As I alluded to this question in an above response, there is very limited data on this subject. Because of differences in placentation, data generated on in utero transmission in one species (the mouse or human beings) can not be directly extrapolated to other species (i.e. canines or felines). Some existing data, such as Borrelia burgdorferi transmission from the bitch to pups has provided conflicting results. It is probable that some tick transmitted organisms can be transmitted during pregnancy. Venereal transmission is much less likely, but not impossible if bleeding occurs during mating. For the past decade we have invested considerable time, money and research effort investigating Bartonella species as pathogens in dogs. It is increasingly obvious that Bartonella species can be transmitted by ticks as well as fleas and other insect vectors. As these organisms can colonize red blood cells and endothelial cells, they would be good candidates for both transplacental and venereal transmission. It is also possible, as we have shown for the transmission of Babesia gibsoni, that Bartonella species might be transmitted by bites during a dog fight.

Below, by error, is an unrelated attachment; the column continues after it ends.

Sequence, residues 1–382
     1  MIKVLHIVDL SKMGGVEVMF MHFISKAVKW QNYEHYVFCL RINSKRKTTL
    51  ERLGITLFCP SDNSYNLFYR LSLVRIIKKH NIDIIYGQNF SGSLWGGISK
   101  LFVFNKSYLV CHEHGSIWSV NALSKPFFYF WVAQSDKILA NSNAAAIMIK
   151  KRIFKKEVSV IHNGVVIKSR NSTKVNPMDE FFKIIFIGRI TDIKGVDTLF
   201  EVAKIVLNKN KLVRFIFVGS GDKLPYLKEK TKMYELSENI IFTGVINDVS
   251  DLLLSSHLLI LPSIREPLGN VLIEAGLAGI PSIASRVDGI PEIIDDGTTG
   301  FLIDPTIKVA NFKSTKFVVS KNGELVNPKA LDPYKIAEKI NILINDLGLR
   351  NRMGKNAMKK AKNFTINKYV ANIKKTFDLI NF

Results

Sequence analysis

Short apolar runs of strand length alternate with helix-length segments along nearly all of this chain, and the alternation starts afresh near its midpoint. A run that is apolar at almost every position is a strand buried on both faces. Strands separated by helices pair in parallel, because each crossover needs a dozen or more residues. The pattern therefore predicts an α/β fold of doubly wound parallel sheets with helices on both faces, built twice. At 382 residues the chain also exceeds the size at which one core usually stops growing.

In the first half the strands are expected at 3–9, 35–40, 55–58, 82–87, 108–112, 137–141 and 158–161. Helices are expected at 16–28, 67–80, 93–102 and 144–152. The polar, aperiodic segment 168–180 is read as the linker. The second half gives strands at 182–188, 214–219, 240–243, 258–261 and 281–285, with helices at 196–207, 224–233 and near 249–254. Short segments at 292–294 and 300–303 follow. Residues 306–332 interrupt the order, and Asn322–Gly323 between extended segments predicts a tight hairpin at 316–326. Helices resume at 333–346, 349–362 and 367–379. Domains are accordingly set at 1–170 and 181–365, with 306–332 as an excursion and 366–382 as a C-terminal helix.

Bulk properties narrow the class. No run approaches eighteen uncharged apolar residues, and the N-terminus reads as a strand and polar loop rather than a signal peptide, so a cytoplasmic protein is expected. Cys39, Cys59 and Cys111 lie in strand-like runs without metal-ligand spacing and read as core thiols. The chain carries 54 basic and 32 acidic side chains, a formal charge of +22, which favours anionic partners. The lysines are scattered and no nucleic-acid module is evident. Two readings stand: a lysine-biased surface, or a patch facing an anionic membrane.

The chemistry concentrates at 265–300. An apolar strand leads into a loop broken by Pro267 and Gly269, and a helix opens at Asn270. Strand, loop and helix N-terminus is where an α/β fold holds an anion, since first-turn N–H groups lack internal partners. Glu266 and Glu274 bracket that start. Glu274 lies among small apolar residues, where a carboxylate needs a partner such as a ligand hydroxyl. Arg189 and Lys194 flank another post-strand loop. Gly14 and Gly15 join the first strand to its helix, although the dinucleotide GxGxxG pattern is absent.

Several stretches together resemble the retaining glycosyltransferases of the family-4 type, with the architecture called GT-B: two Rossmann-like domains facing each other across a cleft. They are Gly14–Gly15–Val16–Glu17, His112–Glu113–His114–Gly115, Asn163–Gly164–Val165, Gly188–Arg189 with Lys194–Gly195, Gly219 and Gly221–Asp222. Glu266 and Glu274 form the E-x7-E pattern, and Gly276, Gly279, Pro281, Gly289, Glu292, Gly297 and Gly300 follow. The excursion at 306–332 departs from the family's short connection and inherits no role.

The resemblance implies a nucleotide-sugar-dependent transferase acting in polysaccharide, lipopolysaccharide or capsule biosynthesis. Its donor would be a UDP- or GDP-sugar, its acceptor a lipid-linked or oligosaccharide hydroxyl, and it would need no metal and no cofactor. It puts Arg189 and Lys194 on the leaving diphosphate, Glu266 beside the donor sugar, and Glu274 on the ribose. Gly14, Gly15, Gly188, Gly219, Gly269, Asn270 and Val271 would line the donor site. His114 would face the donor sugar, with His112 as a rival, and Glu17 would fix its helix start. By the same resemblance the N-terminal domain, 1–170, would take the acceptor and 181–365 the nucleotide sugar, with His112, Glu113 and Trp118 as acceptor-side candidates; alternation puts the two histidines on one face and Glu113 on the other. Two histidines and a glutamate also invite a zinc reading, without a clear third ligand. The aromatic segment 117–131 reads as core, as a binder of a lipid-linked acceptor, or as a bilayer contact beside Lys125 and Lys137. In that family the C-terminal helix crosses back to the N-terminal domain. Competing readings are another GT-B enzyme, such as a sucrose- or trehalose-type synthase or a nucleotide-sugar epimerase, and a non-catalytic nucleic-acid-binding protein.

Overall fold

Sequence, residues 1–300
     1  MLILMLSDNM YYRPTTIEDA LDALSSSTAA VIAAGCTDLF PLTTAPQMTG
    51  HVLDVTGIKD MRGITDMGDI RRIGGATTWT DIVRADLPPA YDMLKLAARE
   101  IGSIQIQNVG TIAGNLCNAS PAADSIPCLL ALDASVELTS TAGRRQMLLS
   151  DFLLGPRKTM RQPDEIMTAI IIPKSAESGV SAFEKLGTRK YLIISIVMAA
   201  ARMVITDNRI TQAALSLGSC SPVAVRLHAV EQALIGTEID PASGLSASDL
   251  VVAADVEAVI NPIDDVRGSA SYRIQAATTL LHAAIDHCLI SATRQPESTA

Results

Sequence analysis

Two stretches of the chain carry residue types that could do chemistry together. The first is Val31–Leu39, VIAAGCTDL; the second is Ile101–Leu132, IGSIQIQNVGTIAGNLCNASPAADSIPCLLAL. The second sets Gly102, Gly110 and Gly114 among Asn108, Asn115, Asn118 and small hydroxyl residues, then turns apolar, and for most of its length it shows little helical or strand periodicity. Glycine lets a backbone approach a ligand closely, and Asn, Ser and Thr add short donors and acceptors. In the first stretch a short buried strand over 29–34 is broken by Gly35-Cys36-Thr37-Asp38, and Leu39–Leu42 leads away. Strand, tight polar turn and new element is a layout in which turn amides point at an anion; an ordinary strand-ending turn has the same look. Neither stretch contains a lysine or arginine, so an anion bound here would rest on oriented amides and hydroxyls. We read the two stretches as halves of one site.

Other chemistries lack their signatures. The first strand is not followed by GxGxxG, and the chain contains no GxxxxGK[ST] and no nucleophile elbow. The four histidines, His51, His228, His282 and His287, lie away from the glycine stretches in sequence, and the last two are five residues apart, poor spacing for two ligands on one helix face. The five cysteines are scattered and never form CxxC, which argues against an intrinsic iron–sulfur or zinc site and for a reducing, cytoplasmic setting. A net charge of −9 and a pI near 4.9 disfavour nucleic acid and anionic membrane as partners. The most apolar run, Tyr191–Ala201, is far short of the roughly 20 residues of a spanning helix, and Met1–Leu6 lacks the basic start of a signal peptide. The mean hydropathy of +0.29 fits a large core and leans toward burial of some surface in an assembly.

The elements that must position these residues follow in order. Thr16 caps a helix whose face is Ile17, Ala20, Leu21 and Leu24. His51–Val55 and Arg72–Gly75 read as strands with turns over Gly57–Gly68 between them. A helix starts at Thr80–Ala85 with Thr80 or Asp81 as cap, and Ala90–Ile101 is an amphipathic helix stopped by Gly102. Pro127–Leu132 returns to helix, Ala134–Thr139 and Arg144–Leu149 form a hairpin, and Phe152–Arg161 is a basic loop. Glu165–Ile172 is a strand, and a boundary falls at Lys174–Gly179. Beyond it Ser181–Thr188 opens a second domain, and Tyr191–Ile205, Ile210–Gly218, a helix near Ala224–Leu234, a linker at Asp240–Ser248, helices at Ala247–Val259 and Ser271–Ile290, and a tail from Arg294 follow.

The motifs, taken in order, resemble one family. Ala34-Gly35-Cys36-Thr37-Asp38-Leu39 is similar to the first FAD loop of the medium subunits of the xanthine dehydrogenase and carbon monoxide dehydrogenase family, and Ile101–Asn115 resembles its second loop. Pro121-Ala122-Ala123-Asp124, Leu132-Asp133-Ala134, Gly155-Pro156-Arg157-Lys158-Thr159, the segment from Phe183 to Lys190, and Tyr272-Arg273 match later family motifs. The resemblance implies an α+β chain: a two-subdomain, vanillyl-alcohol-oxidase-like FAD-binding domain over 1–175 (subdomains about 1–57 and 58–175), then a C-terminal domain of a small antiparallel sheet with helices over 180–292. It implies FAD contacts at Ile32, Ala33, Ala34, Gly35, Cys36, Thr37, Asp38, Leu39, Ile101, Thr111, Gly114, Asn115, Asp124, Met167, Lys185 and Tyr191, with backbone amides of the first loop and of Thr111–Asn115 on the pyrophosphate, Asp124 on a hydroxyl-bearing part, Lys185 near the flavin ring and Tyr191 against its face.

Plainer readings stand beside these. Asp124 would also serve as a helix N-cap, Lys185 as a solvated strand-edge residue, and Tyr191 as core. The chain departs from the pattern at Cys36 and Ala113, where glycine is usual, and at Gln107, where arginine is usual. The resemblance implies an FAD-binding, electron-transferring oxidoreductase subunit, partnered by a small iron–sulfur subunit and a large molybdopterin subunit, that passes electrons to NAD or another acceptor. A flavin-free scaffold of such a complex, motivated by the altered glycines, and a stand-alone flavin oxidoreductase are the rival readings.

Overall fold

10. Is there a risk of taking a dog to a high risk area for vector-borne diseases and having that dog become infected and possibly exposing the home dogs by new ticks biting the recently infected dog?